Reading and stories can be an escape from real life, a window into another world -- but have you ever considered how new fictional experiences might change your perspective on real, everyday life? From Pride and Prejudice to Harry Potter, learn how popular fiction can spark public dialogue and shape culture.
Writing a great English paper can be tough because literature doesn’t always reveal its deeper meanings immediately. You might not know Mr. Darcy’s true feelings for Elizabeth Bennett in Jane Austen’s Pride and Prejudice or grasp the complex moral universe of Toni Morrison’s Beloved at first reading. Amy E. Harter offers a few tips on how to read and write more critically and thoughtfully.
How do metaphors help us better understand the world? And, what makes a good metaphor? Explore these questions with writers like Langston Hughes and Carl Sandburg, who have mastered the art of bringing a scene or emotion to life.
You’re in a movie theater, watching the new horror flick. The audience knows something that the main character does not. The audience sees the character's actions are not in his best interest. What's that feeling -- the one that makes you want to shout at the screen? Christopher Warner identifies this storytelling device as dramatic irony.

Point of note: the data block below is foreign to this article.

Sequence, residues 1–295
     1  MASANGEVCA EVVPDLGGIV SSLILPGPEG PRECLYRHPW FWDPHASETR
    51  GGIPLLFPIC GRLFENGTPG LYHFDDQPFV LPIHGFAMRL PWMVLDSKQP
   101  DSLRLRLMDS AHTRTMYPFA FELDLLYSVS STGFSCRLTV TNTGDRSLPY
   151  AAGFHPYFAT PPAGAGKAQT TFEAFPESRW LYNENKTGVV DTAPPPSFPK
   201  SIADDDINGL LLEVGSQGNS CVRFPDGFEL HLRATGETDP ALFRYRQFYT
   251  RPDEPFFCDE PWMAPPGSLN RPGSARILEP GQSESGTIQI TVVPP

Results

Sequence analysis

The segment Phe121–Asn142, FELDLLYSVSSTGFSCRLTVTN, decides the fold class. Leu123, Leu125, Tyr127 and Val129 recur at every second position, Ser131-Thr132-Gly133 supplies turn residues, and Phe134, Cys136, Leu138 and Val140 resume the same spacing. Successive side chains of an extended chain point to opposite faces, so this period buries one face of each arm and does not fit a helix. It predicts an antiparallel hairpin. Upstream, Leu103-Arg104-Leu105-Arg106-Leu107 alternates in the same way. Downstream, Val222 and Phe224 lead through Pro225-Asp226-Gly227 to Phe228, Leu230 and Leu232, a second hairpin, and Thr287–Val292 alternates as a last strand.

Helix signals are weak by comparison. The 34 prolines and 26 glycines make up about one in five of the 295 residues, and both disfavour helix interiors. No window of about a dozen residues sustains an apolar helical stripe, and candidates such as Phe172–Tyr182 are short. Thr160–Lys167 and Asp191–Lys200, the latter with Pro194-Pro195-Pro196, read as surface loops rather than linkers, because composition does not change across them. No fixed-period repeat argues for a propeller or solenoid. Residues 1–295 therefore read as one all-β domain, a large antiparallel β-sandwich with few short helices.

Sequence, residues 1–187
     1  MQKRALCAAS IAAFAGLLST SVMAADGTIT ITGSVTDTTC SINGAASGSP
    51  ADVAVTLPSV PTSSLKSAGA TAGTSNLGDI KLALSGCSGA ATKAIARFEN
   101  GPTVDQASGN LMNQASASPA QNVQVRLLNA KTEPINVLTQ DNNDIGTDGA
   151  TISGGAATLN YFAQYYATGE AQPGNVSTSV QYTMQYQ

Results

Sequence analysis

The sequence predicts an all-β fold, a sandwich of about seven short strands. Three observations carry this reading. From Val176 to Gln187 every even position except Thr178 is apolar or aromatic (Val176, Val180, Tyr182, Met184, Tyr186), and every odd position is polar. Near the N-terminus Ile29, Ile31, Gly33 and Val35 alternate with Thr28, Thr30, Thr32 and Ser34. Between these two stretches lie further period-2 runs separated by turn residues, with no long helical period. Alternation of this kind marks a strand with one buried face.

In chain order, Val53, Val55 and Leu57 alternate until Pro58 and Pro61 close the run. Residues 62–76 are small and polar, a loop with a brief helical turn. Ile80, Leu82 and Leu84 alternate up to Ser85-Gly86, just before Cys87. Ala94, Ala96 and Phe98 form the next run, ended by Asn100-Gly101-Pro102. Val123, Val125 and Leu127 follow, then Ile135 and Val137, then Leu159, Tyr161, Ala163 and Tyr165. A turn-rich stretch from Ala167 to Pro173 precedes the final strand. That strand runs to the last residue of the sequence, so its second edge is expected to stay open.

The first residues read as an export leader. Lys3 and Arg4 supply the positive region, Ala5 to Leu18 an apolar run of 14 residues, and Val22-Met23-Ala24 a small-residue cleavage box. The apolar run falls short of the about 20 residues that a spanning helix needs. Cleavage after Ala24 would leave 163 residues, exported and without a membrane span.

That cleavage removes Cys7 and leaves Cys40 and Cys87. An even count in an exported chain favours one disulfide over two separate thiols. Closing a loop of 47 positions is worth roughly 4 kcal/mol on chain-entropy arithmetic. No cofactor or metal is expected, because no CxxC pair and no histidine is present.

At face value, the lines between verbal irony, sarcasm, and compliments can be blurry. After all, the phrase 'That looks nice' could be all three depending on the circumstances. In the final of a three part series on irony, Christopher Warner gets into the irony you may use most often and most casually: verbal irony.
Leaps and bounds separate that which is ironic and that which many people simply say is ironic. Christopher Warner wants to set the record straight: Something is ironic if and only if it is the exact opposite of what you would expect.
What trials unite not only Harry Potter or Frodo Baggins but many of literature's most interesting heroes? And what do ordinary people have in common with these literary heroes? Matthew Winkler takes us step-by-step through the crucial events that make or break a hero.
What can some of literature’s most famous heroes teach us? From the epic hero (like Beowulf) to the tragic hero (like Oedipus), each has something distinctive to share. April Gudenrath describes the many faces of the fictional hero -- and shows how they can inspire everyday people.
How can an anti-hero teach us about the heroic--and sometimes, the unheroic--characteristics that shape a story’s protagonist? From jealousy to self-doubt, Tim Adams challenges us to consider how anti-heroes reflect the very mortal weaknesses that can be found within all of us.